Thousands of voters are expected to trek to polling places across Hernando County for Tuesday's general election. Many others have already voted either through absentee or early voting. Here are some frequently asked questions — and answers — provided by Elizabeth R. Townsend, the community relations coordinator for Hernando County Supervisor of Elections Annie D. Williams:
Does it matter what party I am registered with for the general election?
No. It does not matter what party you are registered with for the general election. All ballots will have candidates from the major parties, from the minor parties and with no party affiliation. In each race, you may vote for any candidate of any party.
Should I bring anything with me when I go to vote?
Bring photo and signature identification. You will have to provide current and valid photo and signature identification in order to vote. The only acceptable forms of photo and signature identification are Florida driver's license, Florida ID card issued by the Department of Motor Vehicles, U.S. passport, debit or credit card, military ID, neighborhood association ID, retirement center ID, student ID, and public assistance ID.
What if I do not have an acceptable photo and signature ID?
If you are unable to provide photo and signature ID, you will have to cast a provisional ballot. If your signature on your provisional ballot envelope matches the signature the elections office has on file for you, then your ballot will be accepted.
What steps must I go through to get a ballot?
Step 1: Provide your ID to the poll worker.
Step 2: The poll worker will search for your voter record in the electronic voter identification system, a tabletop portable computer that checks voters in electronically.
Step 3: Once the poll worker finds your record, they will verify your name and ask you to confirm your address. If your address has changed, you will be allowed to update your address with the precinct coordinator.
Step 4: The poll worker will ask you to read the oath and sign the signature pad.
Step 5: The poll worker will compare your signature to the signature on the ID you provide. Per Florida statutes, the signatures must match. If your signature has significantly changed, you will be allowed to update your signature with the precinct coordinator.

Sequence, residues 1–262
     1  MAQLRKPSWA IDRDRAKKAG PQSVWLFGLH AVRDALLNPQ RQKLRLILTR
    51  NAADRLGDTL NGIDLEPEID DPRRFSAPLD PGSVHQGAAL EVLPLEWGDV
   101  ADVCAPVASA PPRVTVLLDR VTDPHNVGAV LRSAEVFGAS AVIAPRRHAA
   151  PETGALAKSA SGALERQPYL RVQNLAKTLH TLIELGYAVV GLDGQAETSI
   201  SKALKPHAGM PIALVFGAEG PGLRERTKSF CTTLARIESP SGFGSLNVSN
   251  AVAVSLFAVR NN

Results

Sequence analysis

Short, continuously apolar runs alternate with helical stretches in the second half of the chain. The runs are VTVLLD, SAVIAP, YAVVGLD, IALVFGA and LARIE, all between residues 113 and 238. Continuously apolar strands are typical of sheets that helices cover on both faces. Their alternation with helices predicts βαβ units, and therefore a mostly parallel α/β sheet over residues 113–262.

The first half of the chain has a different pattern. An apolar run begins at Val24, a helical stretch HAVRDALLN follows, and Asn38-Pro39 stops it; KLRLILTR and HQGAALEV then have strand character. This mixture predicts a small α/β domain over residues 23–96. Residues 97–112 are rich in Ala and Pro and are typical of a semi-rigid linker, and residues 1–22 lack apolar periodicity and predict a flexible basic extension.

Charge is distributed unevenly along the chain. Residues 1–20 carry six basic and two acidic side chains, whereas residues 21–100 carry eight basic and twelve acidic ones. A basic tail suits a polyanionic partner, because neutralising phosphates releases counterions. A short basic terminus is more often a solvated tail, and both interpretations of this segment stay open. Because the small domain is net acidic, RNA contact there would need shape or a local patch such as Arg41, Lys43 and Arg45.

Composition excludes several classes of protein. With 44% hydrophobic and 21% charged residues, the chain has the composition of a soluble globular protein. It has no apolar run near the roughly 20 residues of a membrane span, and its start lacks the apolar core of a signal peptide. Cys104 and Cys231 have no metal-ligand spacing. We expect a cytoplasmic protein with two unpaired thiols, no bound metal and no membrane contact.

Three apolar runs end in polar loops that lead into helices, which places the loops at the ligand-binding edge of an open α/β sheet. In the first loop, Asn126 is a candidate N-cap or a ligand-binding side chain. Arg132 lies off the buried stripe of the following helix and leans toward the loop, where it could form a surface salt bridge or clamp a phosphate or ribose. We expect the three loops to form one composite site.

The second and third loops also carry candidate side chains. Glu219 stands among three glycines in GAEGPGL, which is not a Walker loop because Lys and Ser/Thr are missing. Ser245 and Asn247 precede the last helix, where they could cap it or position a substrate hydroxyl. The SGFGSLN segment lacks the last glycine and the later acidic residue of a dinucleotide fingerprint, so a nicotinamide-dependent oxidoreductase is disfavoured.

Step 6: If your name, address and signature all match and you are at your correct polling place, you will be issued a voting pass.
Step 7: You will take the voting pass to the ballot pickup table and exchange the pass for a ballot.
Step 8: You will vote your ballot at a voting booth. There is a marking pen provided for you in the booth.
Step 9: Once finished voting your ballot, you will take it to the ballot box and insert it into the AccuVote machine.
Step 10: You will receive your "I Voted" sticker.
What if my change of address moves me into another voting precinct?
If you change your address at the polling place on Election Day and your new address is in another voting precinct, you will receive a pass that tells you the voting precinct you now belong in and the directions to the polling place for that precinct from its nearest intersection.
What if I am at the wrong polling place and I won't be able to make it to my correct polling place before 7 p.m.?
If you go to the wrong polling place and won't make it to your correct polling place before the polls close at 7 p.m., there is nothing that can be done. Please avoid this situation by making sure you are prepared for Election Day. Make sure your address is up to date and find out where your correct polling place is. It is wise not to wait till the last minute to do everything. If you are not sure where you should vote, call the elections office to find out — (352) 754-4125.
Will I have to wait in line?
You may or may not have to wait in line. A large turnout is expected. Voter turnout varies by precinct. If you are trying to avoid waiting in line, it is best to avoid the typically busy times, which are 7 to 9 a.m., noon to 2 p.m. and 5 to 7 p.m. Remember, as long as you are in line (at your assigned polling place) before the closing of the polls at 7 p.m., you will be allowed to vote, if you are eligible.
What if I need assistance when I am at my polling place?
The poll workers are there to assist voters. If you need assistance when you are at your polling place, do not hesitate to let a poll worker know what you need. The poll worker will get the precinct coordinator to assist you.
When are absentee ballots counted?
In order to be counted, an absentee ballot must be received by the Supervisor of Elections Office no later than 7 p.m. on Election Day, and the voter's signature must match what is on record. Military and overseas voters have 10 days after the date of the federal election to return the absentee ballot to the Supervisor of Elections Office. However, the envelope must still be postmarked no later than the date of the federal election in order to be counted. On the sixth day before the election, absentee ballots that have been received and verified can be put through the tabulating equipment. All absentee ballots received no later than 7 p.m. on Election Day will be verified and put through the tabulating equipment. However, no results will be released until after the closing of the polls on Election Day.
What if I requested an absentee ballot, but then decide that I want to vote at my polling place?
If you requested an absentee ballot, but then decide that you would like to vote at your polling place, then you may do so. If you have your absentee ballot packet, bring it with you to your polling place and an election official will assist you. If you do not have your absentee ballot packet, you may have to cast a provisional ballot if it cannot be determined if your absentee ballot was or was not received by the elections office.